U.S. Government Is Monitoring All Global Entry Members Daily

A decade ago when I signed up for Global Entry I rationalized turning over my biometrics because the government was already extensively monitoring everyone, in ways that had been inconceivable prior to 9/11. I wrote – long before the Snowden revelations – that the government was, for instance, collecting all cell phone geolocation data. We later learned they were even tapping internet traffic.

Once you sign up for Global Entry, though, the government performs a search on you daily, according to the Department of Homeland Security’s latest performance and accountability report.

  • There are currently over 31 million people with Known Traveler numbers

  • As of October 1, 2022 there were 7.4 million people with Global Entry

  • 10 million applications were pending as that time.

Every day DHS performs searches on every single person with Global Entry for information that would suggest a change in ‘risk’, disqualifying them from the program. Around 12,000 people were kicked out of Global Entry in the government’s fiscal year 2022.

In the fine print of applying for Global Entry, the Department says, “consent is implied” to constant review, even when people aren’t traveling. According to the Department, in the year ending last October, about 12,000 Global Entry members have had their special status revoked. The main cause, according to Customs and Border Protection, is detection of any “ongoing investigation by any federal, state or local law enforcement agency,” a change in status that DHS computers detect, flagging the trusted travelers.

Customs and Border Protection [CBP] “checks all GE members against major law enforcement databases every 24 hours,” the report says.

I’ve written about the reasons why people are losing Global Entry in the past, noting that the major reasons include:

  • uncovering a past conviction that wasn’t disclosed during the application period (generally minor offenses over 10 years old, such as a DUI, are fine if you disclose them)

  • a conviction while you’re in the program

  • derogatory information from another government

  • breaking program rules or rules in the immigration hall such as failing to declare items or bringing ineligible family members with you into the Global Entry queues, if the customs officer decides to make an issue of it

There are a number of factors that the government considers that have nothing to do with whether you’re likely to be a terrorist, or whether you’re likely to violate U.S. customs procedures. In some sense signing up for Global Entry means that you’re ‘on the government’s radar’ but given the scale, they’re scanning over 7 million people per day and they haven’t been able to clear a backlog of millions of applications, I still treat myself as sufficiently obscure and buried in the pile to feel any sense of being targeted.

About Gary Leff

Gary Leff is one of the foremost experts in the field of miles, points, and frequent business travel - a topic he has covered since 2002. Co-founder of frequent flyer community InsideFlyer.com, emcee of the Freddie Awards, and named one of the "World's Top Travel Experts" by Conde' Nast Traveler (2010-Present) Gary has been a guest on most major news media, profiled in several top print publications, and published broadly on the topic of consumer loyalty. More About Gary »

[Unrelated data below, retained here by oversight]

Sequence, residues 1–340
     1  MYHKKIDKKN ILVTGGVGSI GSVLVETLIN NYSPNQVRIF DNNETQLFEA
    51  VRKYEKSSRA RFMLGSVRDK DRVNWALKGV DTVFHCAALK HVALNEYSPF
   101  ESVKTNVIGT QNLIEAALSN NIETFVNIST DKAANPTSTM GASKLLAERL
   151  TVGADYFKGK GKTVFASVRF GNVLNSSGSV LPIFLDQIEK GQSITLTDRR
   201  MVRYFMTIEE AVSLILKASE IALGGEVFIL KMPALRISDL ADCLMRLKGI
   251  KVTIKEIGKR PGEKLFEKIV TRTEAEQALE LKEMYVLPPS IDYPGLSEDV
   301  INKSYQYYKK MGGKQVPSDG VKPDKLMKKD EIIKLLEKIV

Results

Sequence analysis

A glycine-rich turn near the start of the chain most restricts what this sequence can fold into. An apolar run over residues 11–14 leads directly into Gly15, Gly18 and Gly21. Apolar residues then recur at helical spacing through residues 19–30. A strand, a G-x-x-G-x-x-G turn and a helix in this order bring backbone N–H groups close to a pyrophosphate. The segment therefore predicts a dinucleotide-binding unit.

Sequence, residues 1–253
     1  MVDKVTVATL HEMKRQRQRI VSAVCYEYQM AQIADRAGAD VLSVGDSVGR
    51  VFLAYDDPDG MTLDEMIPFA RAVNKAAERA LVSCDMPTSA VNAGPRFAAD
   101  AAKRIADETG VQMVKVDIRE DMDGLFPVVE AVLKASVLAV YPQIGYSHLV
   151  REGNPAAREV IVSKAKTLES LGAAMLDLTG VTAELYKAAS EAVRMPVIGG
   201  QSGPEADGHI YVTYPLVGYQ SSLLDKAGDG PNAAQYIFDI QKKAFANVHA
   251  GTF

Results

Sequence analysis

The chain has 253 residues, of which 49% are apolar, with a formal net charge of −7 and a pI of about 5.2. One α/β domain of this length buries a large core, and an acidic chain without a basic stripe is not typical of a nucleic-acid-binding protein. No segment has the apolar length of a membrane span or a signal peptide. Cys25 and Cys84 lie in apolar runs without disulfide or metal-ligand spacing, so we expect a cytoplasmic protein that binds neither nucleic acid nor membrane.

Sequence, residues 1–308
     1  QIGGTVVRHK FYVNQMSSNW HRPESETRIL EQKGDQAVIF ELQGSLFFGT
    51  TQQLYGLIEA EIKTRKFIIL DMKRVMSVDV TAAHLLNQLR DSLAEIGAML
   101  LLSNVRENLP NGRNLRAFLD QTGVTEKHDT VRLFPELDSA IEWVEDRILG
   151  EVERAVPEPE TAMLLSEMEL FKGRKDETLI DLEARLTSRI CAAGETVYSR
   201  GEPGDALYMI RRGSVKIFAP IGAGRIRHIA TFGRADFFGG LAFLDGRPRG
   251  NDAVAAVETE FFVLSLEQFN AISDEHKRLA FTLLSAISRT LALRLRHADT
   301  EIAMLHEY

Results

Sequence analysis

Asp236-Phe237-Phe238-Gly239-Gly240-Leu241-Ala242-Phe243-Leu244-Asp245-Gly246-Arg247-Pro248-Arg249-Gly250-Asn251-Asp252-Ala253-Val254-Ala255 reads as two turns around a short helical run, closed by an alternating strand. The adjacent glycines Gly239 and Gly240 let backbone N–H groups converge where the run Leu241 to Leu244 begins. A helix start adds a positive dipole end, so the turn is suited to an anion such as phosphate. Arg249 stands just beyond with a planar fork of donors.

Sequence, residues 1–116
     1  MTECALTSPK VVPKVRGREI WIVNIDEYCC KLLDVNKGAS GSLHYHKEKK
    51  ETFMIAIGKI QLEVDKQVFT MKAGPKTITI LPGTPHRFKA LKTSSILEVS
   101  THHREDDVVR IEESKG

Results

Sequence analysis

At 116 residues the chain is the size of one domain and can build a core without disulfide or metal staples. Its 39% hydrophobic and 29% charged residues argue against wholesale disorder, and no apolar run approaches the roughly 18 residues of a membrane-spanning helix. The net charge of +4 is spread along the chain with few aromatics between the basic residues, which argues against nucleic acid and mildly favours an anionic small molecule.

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  1. Americans spend a lot of time worrying about the supposed surveillance state in China, and approximately zero time worrying about the ogrous surveillance and security state that they live under in their own country.

    Americans who exercise their supposed Constitutional right to travel – which is granted by authorities in the breach – but don’t want to wait in two hour immigration lines, must cede their right to privacy and “consent” to being tracked by authorities.

  2. I know of an open application going back to February. It’s absurd how long this is taking. I pay 40% of my income and get nothing in return, not even a timely review of an application. America is in decline. It’s well past the time to drain the swamp!

  3. I can attest that they monitor and have been doing it for awhile. Had GE and got a DUI. Took an international trip and on my way back got flagged going through GE and pulled aside. Had to go talk to them in their office. They wouldn’t tell me why it was being revoked, only that I should know (I sort of did, but wanted to hear them say it). I also got chastised for not carrying my GE card on me. I had it in my bag somewhere but wasn’t digging it out at the time. Obviously can’t reapply and get it, but surprisingly haven’t really missed it. Been able to get through immigration without it just as quick.

  4. Your bureaucracy at work. And it’s like a cancer that metastases, constantly growing. I work in DC. Most people outside the beltway don’t have a clue. All they care about is that their party wins. Very little attention is paid to what they do, on either side of the aisle. One day it’s gonna be too late. We’re coming frighteningly close already.

  5. How would you feel if the article was entitled, “US Government NOT Bothering to Monitor ANY Global Entry Members” ?

    I, for one, am glad they’re checking. If you don’t want them looking at you…don’t sign up for the program. It’s really that simple!

  6. What “privileges” government gives, government can pull.

    Unfortunately, the administrative state’s ability to play the public is less restrained legally than it should be. But this is the natural outcome given the government apologist courts and other establishment players and even the general public playing along with the “it’s for your own good/safety so don’t be critical of what we do” impoverished thinking and attempt to bury challenges to the status quo supporting powers than need more public challenging in the public’s interest.

    It’s long overdue that we give up this idea that Global Entry or PreCheck type screening privileges at airports are justifiable on the basis of these weak pay-to-play background checks.

    Keep in mind on what is to soon be the 22nd anniversary of the 9/11 atrocity that the 9/11 hijackers passed the DHS predecessor departments’/agencies’ checks too.

  7. @Gary – This is really interesting! Imagine the FBI begins a counter-terrorism investigation against you, but doesn’t want you to know. You could be tipped off that *something* is being investigated, because your GE got revoked for “reasons we can’t tell you.”